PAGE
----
In fact, when the anxiety and depression symptoms could be lifted and separated, the challenges of the ADHD could be managed relatively easy, even to the point of becoming strengths in later development of creativity. In the same way that Dyslexia (inability to read) is a prevalent diagnosis in successful business entrepreneurs and ADHD is a prevailing sign in inventors and creators, the brain seems to compensate for low focusing abilities and building other abilities, such as developing good human relationships, "thinking outside the box," and leadership skills. We have instinctive adaptive methods of what we call brain plasticity, if left without creating anxiety and fear, will develop compensation techniques and offer opportunities to advance cognitively as well as otyher avenues we cannot predict.

The walls to getting better

What I am proposing is that anxiety and depression is the more destructive of disorders, overwhelming the more popular labels in terms of creating limitations to our potentials. Whether it be learning disabilities, attention deficit, or even the broad spectrum of autism, which are all real problems, the greatest obstacles relates to the stress of anxiety and depression accompanying not only the frustrations of having these problems but also the layers of disappointments, expectations, unrealistic needs by persons who try to remedy these limitations with undue demands.

The essence of anxiety surrounding these new-prescribed disorders usually relates to the fear of failure and lack of acceptance that those who are supposedly "helping" us become adjusted to our lack of conforming skills. The labels of these problems burden the mind with confusing messages about our worth. Depression enters our internal dialogue with how we mold our self concepts into black holes of increasing self disgust.

Anxiety and depression are natural responses are actually serve us in most instances to protect and renew ourselves. When we become stressed, reaching a point of arousal, our bodies go into protective mode and we often perform at a higher level. We run faster and respond with greater efficiency because our sympathetic systems start ratcheting up with higher blood pressure and muscle tension. This is the way our forefather (and mothers) dealt with the environmental dangers long ago. But when those threats are labels of defeat, which are largely invisible and abstract, the anxiety remains without any resolution.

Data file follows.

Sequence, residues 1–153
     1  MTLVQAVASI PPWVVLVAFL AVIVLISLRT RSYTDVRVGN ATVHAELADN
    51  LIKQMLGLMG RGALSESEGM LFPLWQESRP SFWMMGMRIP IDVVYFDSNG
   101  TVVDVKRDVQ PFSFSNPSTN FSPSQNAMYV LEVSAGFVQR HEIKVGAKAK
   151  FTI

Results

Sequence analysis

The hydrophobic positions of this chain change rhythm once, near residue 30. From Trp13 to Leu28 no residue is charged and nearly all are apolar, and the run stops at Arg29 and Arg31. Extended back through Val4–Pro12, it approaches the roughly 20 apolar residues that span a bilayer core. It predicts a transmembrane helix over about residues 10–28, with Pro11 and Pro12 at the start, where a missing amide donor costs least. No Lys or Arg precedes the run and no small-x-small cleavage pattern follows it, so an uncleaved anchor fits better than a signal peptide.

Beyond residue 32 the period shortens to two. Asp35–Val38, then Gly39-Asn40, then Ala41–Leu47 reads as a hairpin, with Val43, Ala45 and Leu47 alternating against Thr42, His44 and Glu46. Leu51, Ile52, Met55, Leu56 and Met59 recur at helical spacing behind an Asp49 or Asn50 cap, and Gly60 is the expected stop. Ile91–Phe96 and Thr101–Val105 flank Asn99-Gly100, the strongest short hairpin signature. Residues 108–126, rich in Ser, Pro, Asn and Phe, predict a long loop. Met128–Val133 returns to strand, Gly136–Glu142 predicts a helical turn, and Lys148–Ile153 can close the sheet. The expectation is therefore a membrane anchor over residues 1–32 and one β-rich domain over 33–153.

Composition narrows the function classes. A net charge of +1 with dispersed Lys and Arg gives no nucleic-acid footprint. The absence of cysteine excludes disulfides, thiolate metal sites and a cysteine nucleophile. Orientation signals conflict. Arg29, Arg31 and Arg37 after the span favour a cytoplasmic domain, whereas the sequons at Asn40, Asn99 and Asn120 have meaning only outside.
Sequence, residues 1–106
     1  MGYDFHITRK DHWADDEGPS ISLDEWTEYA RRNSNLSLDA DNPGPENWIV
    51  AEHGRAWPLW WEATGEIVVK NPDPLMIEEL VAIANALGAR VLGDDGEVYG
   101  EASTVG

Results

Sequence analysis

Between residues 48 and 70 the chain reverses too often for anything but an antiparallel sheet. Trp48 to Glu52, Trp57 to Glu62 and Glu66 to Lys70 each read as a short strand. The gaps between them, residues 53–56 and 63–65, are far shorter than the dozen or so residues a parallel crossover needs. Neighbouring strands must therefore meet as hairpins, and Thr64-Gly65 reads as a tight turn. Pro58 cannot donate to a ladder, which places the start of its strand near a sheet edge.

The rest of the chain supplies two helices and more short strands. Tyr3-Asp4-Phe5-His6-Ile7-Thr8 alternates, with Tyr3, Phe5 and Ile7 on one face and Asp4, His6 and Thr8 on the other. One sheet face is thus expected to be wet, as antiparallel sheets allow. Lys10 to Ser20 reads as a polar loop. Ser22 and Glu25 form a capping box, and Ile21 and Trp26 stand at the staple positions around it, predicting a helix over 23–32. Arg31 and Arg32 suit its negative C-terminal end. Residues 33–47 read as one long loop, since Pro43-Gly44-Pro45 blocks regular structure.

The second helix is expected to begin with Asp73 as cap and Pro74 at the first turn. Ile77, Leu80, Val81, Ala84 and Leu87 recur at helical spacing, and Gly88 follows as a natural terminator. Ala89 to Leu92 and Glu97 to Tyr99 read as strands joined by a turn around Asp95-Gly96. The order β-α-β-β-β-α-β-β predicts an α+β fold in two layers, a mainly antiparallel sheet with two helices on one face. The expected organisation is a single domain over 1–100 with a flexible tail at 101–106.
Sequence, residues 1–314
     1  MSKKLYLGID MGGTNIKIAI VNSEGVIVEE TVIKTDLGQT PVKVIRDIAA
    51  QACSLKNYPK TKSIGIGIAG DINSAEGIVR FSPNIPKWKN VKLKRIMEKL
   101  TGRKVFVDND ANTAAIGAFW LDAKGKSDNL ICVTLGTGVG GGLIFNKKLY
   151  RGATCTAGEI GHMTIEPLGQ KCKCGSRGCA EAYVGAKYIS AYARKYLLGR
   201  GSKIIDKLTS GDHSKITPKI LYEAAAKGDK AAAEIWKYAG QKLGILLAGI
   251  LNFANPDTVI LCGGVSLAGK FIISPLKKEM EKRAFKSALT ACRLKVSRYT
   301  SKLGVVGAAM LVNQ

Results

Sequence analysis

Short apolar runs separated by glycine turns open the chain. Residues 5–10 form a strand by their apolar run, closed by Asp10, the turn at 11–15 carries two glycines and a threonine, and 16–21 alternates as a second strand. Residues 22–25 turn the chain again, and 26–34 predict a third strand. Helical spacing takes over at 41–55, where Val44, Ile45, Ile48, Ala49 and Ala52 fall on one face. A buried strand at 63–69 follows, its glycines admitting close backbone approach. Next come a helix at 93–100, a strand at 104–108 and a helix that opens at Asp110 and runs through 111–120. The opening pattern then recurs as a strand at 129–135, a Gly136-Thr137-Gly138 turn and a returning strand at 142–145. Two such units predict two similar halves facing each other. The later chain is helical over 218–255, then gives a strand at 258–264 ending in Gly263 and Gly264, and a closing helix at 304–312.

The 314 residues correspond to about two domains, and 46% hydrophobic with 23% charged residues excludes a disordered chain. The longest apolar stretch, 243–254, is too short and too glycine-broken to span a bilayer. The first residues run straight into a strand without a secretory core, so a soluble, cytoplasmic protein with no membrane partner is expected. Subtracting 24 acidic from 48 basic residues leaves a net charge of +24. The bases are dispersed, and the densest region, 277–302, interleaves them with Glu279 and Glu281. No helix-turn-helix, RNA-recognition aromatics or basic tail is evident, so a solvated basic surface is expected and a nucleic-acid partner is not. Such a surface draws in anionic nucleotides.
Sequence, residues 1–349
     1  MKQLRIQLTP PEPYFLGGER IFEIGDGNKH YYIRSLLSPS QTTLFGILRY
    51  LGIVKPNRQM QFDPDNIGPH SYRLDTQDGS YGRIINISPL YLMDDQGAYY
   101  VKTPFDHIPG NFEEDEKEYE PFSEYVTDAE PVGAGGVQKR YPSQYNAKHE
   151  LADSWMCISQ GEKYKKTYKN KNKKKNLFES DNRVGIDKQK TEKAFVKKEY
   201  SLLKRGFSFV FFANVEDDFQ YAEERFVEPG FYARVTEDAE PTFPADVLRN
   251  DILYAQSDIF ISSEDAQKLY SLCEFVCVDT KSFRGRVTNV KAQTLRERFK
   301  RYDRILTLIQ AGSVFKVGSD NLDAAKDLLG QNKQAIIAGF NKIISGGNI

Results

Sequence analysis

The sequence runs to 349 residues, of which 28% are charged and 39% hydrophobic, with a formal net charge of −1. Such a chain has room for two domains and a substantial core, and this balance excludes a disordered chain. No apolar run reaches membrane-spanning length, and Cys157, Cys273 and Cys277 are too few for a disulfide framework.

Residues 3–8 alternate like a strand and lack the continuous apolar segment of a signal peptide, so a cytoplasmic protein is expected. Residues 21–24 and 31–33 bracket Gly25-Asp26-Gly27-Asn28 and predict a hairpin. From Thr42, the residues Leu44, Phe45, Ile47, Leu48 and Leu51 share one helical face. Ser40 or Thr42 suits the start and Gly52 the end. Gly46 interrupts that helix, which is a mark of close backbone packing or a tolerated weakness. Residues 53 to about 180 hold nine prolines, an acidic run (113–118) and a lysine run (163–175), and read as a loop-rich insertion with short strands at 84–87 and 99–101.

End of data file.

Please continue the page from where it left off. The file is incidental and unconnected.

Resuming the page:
Depression works the same way. It is often the beginning force that motivates her to change. We become unhappy with our circumstances and knowing we have to change, the psychological pain of depression usually creates the motivation to makes the serious changes in our lives. This is natural, yet when the change is dictated and would lead only to more pain, we get stuck. Any challenges begin to become insurmountable. Our brains begin to twist on themselves with fewer resources. This is not what a kid needs to begin his or her life.

My point is that the disorders of ADHD along with many of the other labels need to be couched in relationship to anxiety and depression accompanying them, because they are the major players to overcome. Case after case tells me that for many of these new problems we are making major issues with speciality clinics will only meet with huge resistance until the problems of anxiety and depression can be met and resolved. Let's face the realities that although there are real problems, they are often embedded in these basic traps we have known since the beginning of human history.

About the Author
G. Frank Lawlis

G. Frank Lawlis, PhD, is principal content and oversight adviser of the Dr. Phil Show.

More from Frank Lawlis Ph.D.
More from Psychology Today
More from Frank Lawlis Ph.D.
More from Psychology Today